The Roman Catholic archbishop of New York crossed the Green Line into west Beirut today to meet with Lebanon's highest spiritual Moslem leader, but later he said inquiries about the fate of five missing Americans and other western hostages had led nowhere.

Escorted by five van-loads of Lebanese policemen and a Range Rover bristling with Lebanese security men from the U.S. Embassy, Cardinal John O'Connor arrived in one of two black limousines flying the flag of the Vatican.

He was accompanied by the papal nuncio in Lebanon, Luciano Angeloni, and other Lebanese clerical figures in the Moslem-controlled western sector. The cardinal met with the Sunni Moslem mufti of the republic, Sheikh Hassan Khaled, at his home in Ramlet al Baida, about a mile from the embattled Palestinian refugee camps in Beirut's southern outskirts.

A weekend cease-fire between Palestinian guerrillas and Shiite Moslem militiamen was broken this afternoon as rocket and machine gun duels raged only minutes before O'Connor's convoy crossed from the Christian half of the Lebanese capital.

Earlier in the day, seven Christians, four of them printers at the independent An Nahar newspaper, were kidnaped by unknown gunmen as they took the same route.

O'Connor told reporters following his one-hour session with Khaled that wherever he went during his three-day visit here he sought "information or help in regard to the hostages." The cardinal added that he was not able to convey messages to the hostages.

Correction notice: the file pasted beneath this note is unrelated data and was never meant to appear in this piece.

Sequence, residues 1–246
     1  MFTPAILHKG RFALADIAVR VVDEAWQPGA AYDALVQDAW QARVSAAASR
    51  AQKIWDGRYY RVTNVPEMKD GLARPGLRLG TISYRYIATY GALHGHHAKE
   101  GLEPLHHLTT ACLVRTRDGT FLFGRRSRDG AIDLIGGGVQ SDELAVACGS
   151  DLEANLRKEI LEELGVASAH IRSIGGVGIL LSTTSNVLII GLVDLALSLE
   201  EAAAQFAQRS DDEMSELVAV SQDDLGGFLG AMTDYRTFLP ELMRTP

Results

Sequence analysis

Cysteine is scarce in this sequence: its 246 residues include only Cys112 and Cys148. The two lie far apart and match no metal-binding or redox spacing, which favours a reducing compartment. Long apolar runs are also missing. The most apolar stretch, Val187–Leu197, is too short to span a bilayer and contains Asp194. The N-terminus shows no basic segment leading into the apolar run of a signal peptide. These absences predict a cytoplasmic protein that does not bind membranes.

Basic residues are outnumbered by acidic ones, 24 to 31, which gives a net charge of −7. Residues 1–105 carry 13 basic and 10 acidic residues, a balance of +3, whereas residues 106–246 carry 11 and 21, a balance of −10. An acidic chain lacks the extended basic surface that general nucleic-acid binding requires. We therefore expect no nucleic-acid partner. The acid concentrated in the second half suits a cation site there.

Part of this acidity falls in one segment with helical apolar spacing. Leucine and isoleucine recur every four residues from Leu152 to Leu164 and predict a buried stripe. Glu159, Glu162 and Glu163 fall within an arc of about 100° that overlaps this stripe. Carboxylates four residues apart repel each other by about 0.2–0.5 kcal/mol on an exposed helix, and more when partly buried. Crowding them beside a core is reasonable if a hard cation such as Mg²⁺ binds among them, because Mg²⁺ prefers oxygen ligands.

"I bring them messages from their families, and I bring love from their families. I had talked with their families back in the United States but, unfortunately, no one has been able to make it possible that I would be able to get that word to them," O'Connor said.

The cardinal, who arrived here Saturday, met with President Amin Gemayel and visited centers for the handicapped and Lebanese refugees in Christian areas. He said his visit here was "purely pastoral," but he offered to help in efforts to gain the release of the Americans kidnaped in Moslem west Beirut and other foreign hostages.

He expressed hope that "merely inquiries" and messages through the media would reach the hostages and "tell them not to lose heart, that we are still praying for them and hoping for their safe return."

O'Connor said he sympathized with a black-clad Lebanese woman who approached him as he left the mufti's house and identified herself as the wife of a Lebanese Christian worker who was kidnaped by Moslems in 1982.

She told O'Connor she had come to represent the families of 2,111 missing Lebanese kidnap victims.

"We also have from the United States some who have been kidnaped," he told her slowly as a deputy of the Christian Maronite patriarch, Monsigneur Roland Abu Jawde, translated. "I wish that we could have them back with us."

O'Connor, scheduled to leave Tuesday morning, said meetings with other Moslem figures from the Shiite and Druze communities could not be arranged. He said he hoped he would return to Lebanon and "meet with them at a later date."